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5 Times Jack Nicklaus Totally Blew Away Golf Fans

1. 1986 Masters

The biggest fish of all. Nicklaus winning his 18th professional major and record sixth green jacket at age 46, and doing it by coming from behind with a final-nine 30 to defeat the two best players in the game at the time — Greg Norman and Seve Ballesteros — makes this Masters the best tournament in history. It was Nicklaus’ most satisfying tournament for many reasons, some of them personal. His eldest son, Jackie, was on the bag. His mother, Helen, was attending her first Masters, as was his sister Marilyn. But the biggest reason was that Nicklaus, at an age in which it was presumed both the nerves and the body rebels, marshaled everything he had to produce his very best at the very biggest moment, one more time.

2. 1962 U.S. Open

The changing of the guard. Arnold Palmer was the king — certainly as a player, but even more as a a dashing and beloved figure, when the 22-year-old Nicklaus had the temerity to invade the Pennsylvanian’s home turf at Oakmont by tying Palmer after 72 holes. The problem was that even the most rabid fan could not deny how unholy good Nicklaus was. Not only did he outdrive the powerful Palmer by quite a bit, but he was better all the way through the bag and seemed steadier under pressure. It was sad to see the universally beloved Palmer’s reign end, but after Nicklaus won the playoff 71-74, there was obviously a new sheriff in town.

3. 1965 Masters

Nicklaus at his dominating best. Because he favored a conservative playing style designed to avoid mistakes and produce consistency, Nicklaus rarely went on the kind of tears that would distinguish Johnny Miller, Greg Norman or Tiger Woods. But during a benign weather week at Augusta, Nicklaus got into a swing groove that allowed him to unleash scary power and distance with his driver and pepper the flags with the shockingly short approaches remaining. Nicklaus putted well, but not exceptionally, or his 72-hole record of 271 — which broke the tournament record by three shots — would have been a few strokes lower. The takeaway was that Nicklaus was capable of playing a version of the game no one had ever seen before, and his peers were lucky he didn’t have a more aggressive style.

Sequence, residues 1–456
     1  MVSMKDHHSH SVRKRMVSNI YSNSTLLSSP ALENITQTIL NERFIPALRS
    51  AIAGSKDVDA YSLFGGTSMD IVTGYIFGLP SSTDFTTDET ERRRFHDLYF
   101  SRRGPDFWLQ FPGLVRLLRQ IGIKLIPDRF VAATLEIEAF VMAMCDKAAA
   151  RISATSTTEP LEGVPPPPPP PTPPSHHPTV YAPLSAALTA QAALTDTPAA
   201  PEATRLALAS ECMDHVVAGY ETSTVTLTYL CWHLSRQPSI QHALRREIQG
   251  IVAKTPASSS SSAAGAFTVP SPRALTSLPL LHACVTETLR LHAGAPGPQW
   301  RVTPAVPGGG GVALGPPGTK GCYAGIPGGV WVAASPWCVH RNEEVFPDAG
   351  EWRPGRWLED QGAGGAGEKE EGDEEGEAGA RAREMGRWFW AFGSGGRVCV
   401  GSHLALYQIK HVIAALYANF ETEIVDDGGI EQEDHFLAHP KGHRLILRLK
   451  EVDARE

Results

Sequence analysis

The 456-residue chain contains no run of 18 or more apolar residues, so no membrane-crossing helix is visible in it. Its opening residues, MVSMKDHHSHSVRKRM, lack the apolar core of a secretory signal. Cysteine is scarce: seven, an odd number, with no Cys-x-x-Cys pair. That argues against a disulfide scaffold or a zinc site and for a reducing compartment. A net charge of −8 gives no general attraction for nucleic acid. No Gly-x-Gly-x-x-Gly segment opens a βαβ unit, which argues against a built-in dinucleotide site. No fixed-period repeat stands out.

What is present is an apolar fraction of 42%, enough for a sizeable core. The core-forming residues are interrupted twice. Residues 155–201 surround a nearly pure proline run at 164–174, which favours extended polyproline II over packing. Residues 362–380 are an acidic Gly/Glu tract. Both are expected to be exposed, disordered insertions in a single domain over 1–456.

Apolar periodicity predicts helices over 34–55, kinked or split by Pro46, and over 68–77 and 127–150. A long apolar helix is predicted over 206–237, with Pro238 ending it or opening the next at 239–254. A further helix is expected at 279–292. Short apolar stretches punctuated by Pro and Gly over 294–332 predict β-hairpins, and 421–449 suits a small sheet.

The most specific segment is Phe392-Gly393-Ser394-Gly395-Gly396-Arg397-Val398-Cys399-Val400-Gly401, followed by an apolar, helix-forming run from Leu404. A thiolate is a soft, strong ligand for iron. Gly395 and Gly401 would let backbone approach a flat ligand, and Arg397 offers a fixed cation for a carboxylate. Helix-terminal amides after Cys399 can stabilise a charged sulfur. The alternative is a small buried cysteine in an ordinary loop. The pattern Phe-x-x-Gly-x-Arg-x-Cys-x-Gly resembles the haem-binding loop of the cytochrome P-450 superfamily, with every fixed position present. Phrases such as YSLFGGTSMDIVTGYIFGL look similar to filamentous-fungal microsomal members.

4. 1970 British Open

Nicklaus hadn’t won a major since the 1967 U.S. Open, and at age 30 was beginning to have trouble motivating himself. But the death in February 1970 of his father Charlie — with whom he was extremely close and who loved to watch his son’s golf — renewed his dedication. “I recovered the will to do everything in my power to live up to his dream,” Nicklaus wrote. At St. Andrews, he played with steely purpose, but thought he had blown his chance when he three putted through the Valley of Sin for par. But Doug Sanders missed his tragic tiddler, and Nicklaus won the playoff the next day, reflexively throwing his putter high in the air with the final putt. “They’ve all been for Dad in a way,” Nicklaus told his wife, Barbara. “But never quite like this one.”

5. 1980 U.S. Open

At age 40, Nickalus was coming off his worst season. Tom Watson had clearly supplanted him as the game’s best player. But Nicklaus, knowing he had fallen into bad habits with his golf swing, called on longtime teacher Jack Grout to reinstill some forgotten fundamentals. He also enlisted old rival and friend Phil Rodgers to refurbish his long-neglected short game, to the point that he turned a chronic weakness into a strength. When he got to Baltusrol, the site of his 1967 U.S. Open victory, the supposedly washed up Nicklaus was feeling good. He opened with a 63, missing a three-footer on the final green. By Sunday, Nicklaus’ superb ballstriking was enough to survive the uncanny putting of his playing partner for four days, Isao Aoki. Jack was back, and he proved it by winning his 17th major at the PGA two months later.